### Abstract

Rational number understanding is a critical building block for success in more advanced mathematics; however, how rational number magnitudes are conceptualized is not fully understood. In the current study, we used a dual-task working memory (WM) interference paradigm to investigate the dominant type of strategy (i.e., requiring verbal WM resources vs. requiring primarily visuospatial WM resources) used by adults when processing rational number magnitudes presented in both decimal and fraction notation. Analyses revealed no significant differences in involvement of verbal and visuospatial WM, regardless of notation (fractions vs. decimals), indicating that adults rely upon a mix of strategies and WM resources when processing rational number magnitudes. However, this pattern interacted with algebra ability such that those performing better on the algebra assessment relied upon both verbal and visuospatial WM when engaging in rational number comparisons, whereas rational number performance by adults with low algebra fluency was affected only by a simultaneous verbal WM task. Together, results support previous work implicating the involvement of WM resources in rational number processing and is the first study to indicate that the involvement of both verbal and visuospatial WM, as opposed to relying primarily on verbal WM, when processing rational number magnitudes may be indicative of higher mathematical proficiency in the domain of algebra.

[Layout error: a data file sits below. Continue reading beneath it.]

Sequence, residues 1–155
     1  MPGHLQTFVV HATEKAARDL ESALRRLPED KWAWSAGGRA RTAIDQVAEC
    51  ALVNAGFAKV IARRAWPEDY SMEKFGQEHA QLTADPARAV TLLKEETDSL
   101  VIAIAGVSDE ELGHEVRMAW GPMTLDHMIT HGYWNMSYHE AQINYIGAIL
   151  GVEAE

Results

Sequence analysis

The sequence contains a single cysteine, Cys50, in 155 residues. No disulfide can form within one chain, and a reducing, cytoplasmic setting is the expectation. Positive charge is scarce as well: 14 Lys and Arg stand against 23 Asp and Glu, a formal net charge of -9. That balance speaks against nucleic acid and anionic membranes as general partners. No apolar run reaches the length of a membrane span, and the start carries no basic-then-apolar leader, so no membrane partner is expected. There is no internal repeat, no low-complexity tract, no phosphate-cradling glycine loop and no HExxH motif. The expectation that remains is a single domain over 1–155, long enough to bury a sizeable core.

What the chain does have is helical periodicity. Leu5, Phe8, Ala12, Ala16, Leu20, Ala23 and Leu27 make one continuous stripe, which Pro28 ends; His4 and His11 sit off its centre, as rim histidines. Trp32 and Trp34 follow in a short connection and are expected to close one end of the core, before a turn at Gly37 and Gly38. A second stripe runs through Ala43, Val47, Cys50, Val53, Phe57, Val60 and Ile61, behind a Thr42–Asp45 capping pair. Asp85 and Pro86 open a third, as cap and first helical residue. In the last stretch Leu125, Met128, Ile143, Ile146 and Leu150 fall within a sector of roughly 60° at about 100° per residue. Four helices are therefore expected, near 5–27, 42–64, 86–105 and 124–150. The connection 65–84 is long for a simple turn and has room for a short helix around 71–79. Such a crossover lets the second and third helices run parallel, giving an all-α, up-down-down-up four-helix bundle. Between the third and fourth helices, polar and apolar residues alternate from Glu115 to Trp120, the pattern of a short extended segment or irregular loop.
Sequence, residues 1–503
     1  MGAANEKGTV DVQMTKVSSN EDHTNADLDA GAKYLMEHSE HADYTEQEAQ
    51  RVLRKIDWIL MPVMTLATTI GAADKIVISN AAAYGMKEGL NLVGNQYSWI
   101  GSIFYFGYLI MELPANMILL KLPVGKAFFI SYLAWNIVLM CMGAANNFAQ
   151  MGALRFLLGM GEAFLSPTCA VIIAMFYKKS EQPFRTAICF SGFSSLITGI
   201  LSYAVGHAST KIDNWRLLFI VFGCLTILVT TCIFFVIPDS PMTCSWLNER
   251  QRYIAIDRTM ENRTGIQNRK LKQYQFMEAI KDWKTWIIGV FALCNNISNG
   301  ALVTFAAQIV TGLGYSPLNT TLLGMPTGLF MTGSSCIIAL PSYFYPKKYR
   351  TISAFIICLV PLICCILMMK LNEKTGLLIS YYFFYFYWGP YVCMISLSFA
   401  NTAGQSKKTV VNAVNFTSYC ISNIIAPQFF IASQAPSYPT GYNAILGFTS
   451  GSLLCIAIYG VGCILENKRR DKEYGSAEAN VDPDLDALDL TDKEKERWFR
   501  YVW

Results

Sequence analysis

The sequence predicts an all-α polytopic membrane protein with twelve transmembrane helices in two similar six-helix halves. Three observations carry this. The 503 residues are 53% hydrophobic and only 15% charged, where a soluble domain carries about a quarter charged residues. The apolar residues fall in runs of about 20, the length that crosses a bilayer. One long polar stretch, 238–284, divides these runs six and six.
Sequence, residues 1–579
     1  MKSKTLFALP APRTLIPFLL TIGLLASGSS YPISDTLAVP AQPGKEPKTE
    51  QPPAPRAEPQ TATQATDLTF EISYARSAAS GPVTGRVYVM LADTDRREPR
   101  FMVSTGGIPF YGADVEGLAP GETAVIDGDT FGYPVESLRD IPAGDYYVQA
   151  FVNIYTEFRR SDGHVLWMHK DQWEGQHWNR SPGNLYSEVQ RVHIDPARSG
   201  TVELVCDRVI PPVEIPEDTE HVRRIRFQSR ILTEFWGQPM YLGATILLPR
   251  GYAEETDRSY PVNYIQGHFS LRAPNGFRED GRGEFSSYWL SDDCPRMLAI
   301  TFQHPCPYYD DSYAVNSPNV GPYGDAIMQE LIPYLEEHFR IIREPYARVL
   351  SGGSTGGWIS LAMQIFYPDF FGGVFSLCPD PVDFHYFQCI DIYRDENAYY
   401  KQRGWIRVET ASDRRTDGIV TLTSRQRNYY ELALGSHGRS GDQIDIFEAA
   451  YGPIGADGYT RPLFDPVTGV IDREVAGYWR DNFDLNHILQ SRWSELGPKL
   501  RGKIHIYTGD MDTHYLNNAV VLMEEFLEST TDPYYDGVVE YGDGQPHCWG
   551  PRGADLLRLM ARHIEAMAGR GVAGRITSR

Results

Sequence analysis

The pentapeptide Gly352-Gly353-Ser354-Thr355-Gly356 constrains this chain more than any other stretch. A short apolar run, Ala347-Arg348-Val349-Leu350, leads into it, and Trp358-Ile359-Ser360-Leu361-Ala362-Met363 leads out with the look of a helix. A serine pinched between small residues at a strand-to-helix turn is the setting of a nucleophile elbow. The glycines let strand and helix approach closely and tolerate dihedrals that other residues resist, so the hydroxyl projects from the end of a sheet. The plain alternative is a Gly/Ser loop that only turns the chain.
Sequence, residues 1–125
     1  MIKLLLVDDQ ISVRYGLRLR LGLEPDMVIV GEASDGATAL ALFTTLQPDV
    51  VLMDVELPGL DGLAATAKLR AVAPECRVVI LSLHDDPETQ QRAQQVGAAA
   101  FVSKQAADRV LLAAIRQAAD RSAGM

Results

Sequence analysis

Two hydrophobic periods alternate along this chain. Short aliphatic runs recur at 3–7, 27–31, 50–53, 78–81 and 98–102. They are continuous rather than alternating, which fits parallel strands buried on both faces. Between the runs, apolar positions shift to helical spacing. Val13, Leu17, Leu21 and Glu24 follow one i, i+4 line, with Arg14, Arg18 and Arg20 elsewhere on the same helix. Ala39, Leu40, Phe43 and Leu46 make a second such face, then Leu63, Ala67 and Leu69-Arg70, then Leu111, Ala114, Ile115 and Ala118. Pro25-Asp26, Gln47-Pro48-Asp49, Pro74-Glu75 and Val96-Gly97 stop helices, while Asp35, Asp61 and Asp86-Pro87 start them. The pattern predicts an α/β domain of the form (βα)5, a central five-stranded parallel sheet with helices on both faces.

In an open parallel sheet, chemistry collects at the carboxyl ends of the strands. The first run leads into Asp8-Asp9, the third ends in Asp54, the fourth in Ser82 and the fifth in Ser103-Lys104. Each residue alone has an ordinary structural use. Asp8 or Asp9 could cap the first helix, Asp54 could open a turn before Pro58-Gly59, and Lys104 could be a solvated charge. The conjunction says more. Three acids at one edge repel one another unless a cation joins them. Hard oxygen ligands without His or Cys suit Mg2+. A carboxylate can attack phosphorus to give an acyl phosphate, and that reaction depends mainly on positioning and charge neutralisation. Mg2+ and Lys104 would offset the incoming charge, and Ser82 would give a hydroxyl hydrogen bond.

Publication

Journal of Educational Psychology

###### Assistant Professor

My research interests include mathematical development and variations in performance across contexts.